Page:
What You Look Like When You're Immobilised by Fear
Deep inside I knew I really wanted to. I would not meet up with the career mentor if I had no interest in what coaching could do to me in the first place. I told Suzy Roxas to give me a month before I committed to a decision. "But I will be back," I told her despite what I was thinking. I stepped out the door, headed to the elevator, and felt guilt about my incongruence. My mouth told her one thing but my mind thought another.
As I left the building, I still kept thinking about it. Thoughts ran rampant in my head: "Maybe you can just read books and online articles", "You're better spending your money on something else", "You have the passion already. Why do you need someone else to guide you when you already know what you want?" Justifications. Excuses. Or the best word to call it - fear.
Yes, I felt a lot of fear. I was very afraid. I was afraid of trying something new. I was afraid of stepping out of my comfort zone. I was afraid to be humbled and shown my flaws and weaknesses by someone else. I was afraid to admit I didn't know everything. I was afraid to take a risk. Simply put, I was afraid.
After one month, I went ahead with the program. It became the highlight of that year. Halfway through the coaching, I already knew I made the right decision. I felt good, I changed, and, slowly, fear was losing its battle against me.
What helped me make the decision to ignore my fear and to work with Suzy was a picture. Here it is:
The picture above illustrates this thought. "Xeno, you want to work with Suzy but you are afraid for a few reasons. You have two courses of action: hesitate or go. If you hesitate, you will always be afraid. If you go, you will grow as a person. What do you want?"
Of course, I wanted to grow as person. And I know you want to grow as a person too. After all, how can you do greater things if you don't grow. And I know you don't wish to be afraid forever.
The illustration above is called a Deterministic Finite Automaton (DFA). In theoretical computer science, a DFA is a finite state machine that accepts a string of symbols and produces a unique computation. It is used in illustrating computer problems and producing the outcome. (I taught this subject when I was a teacher in college.)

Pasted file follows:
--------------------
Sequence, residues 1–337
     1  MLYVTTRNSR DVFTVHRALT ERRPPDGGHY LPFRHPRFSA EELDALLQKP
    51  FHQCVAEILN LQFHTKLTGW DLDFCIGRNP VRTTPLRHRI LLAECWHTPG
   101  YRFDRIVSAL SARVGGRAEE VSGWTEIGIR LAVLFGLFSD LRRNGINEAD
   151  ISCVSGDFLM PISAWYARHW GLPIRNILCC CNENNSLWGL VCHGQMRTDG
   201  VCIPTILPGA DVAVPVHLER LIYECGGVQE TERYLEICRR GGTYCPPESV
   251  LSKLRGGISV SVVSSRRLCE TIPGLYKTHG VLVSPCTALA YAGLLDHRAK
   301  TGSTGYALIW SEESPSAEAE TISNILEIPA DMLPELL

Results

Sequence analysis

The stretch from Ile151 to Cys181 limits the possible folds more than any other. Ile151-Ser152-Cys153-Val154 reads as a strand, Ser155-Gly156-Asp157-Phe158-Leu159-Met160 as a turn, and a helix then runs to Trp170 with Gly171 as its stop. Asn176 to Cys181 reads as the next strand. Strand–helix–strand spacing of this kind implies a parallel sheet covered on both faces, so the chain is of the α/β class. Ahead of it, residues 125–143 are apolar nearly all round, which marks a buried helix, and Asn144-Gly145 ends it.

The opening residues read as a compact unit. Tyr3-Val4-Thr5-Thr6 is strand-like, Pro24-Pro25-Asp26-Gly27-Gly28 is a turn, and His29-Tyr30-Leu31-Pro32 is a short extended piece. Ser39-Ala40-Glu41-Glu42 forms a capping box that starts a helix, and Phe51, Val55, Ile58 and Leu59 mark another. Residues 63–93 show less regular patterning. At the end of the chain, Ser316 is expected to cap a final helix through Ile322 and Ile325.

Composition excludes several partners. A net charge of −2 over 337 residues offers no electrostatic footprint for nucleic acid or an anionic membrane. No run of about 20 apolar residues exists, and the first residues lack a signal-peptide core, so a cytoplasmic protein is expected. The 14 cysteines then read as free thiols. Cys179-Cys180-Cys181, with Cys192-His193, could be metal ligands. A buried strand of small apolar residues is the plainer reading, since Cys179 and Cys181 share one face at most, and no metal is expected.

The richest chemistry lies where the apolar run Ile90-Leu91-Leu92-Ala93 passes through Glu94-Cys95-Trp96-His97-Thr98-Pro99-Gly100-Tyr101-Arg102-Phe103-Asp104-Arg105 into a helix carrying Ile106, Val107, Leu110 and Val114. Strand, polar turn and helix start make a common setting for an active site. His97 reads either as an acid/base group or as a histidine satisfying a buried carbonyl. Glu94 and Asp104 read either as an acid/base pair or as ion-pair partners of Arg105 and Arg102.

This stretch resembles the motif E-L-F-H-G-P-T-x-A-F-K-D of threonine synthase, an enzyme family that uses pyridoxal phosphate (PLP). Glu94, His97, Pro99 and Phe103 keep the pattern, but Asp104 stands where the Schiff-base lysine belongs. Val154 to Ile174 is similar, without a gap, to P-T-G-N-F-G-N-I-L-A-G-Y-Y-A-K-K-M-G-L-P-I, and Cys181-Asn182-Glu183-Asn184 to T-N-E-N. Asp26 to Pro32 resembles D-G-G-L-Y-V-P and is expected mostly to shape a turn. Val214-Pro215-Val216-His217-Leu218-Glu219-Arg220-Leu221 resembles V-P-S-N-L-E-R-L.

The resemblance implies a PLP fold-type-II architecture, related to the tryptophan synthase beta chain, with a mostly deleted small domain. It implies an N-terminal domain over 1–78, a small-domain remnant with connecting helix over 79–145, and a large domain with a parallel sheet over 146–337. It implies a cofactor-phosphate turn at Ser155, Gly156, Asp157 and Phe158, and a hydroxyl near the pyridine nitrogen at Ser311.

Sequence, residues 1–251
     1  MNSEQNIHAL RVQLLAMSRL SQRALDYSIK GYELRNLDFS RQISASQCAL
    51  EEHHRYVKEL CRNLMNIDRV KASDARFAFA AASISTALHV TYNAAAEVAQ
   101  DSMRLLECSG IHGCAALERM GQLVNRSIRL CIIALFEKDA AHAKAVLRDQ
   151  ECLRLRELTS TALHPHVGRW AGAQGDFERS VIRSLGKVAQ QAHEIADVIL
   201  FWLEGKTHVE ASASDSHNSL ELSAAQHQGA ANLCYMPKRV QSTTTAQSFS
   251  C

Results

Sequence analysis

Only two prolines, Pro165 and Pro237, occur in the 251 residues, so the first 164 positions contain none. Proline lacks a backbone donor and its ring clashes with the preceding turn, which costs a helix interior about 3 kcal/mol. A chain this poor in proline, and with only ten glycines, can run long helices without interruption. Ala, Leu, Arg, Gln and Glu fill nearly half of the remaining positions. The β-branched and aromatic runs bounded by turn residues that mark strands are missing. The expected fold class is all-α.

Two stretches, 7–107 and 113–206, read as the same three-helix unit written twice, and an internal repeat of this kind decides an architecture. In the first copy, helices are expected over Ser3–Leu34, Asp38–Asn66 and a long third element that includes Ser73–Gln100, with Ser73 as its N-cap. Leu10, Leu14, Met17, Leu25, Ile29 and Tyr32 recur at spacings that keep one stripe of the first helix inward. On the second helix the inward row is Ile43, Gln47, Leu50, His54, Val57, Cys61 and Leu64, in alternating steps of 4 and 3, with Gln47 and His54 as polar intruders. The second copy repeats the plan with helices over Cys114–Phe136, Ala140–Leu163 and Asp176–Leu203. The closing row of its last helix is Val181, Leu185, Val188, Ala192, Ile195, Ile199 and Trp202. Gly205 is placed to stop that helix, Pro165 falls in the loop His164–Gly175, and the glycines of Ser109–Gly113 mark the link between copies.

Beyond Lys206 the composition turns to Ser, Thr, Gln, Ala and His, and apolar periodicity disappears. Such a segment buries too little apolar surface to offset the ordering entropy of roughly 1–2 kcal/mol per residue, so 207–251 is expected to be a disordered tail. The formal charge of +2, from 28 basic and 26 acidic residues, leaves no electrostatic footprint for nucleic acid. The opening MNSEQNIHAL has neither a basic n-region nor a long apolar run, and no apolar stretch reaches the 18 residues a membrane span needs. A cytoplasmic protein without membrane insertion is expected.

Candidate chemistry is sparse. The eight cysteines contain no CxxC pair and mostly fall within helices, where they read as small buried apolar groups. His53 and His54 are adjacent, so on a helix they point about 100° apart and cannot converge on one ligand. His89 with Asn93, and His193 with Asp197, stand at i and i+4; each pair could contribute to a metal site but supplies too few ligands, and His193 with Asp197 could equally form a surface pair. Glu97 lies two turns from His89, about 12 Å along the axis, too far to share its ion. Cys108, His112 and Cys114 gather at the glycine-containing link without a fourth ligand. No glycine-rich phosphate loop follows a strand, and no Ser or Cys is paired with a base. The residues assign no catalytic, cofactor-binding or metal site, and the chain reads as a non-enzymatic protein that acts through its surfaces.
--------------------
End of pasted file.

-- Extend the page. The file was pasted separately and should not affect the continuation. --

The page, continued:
The circles are states, in computer science and in our lives. You can write hungry, happy, sad, or tired inside the circles. The arrows represent input symbols or in our lives the actions we make. You can write eat, sing, cry, or sleep next to those arrows.
What about the arrow without a label and the double circle? The arrow with no label indicates the starting point, where we are presently at our lives. The double circle represents the final state, where we want to go with our lives, the destination we want.
If I kept on hesitating I would be stuck in the 'afraid' circle, infinitely looping back at the same spot. No movement. No progress. No growth. That is exactly what you also look like when you're immobilised by fear, an entity looping back in the same circle.
I spent many years of my life afraid of making my own decisions, speaking out, taking risks, and pursuing my dream. I spent many years of my life stuck. I aged. I visited different cities and countries. But there I was, imprisoned in the same circle.
If it feels good moving from the starting circle to the double circle, imagine what it's like moving from a double circle to another double circle.
Whenever you battle fear and move to another circle, a new challenge will be presented to you. From there, your double circle becomes a starting circle again and you have two choices: hesitate or go. Do you want to remain where you are? Then hesitate. Do you want to move and make progress? Then go to the next circle!
Ever since working with Suzy, I became more courageous in facing my fears. I stopped hiring the services of a personal trainer and began working out on my own and gained new friends in the process. I became more confident in reaching out to people on the same mission as me. I became more active in asking other people's help despite the possibility of rejection. I became more curious in seeking out things I did not know yet despite the possibility of them unlike that of my beliefs. There are so many things in life to discover and attain when we don't let fear immobilise us, I learned.
From now on, whenever fear tries to immobilise you, remember that you must go! If you hesitate, you will get stuck, looping back at the same circle.
Do you want that to happen to you? I bet not.
Picture the image of you moving from one circle to another, conquering new things and moving along. The path is infinite; there are many circles to get on.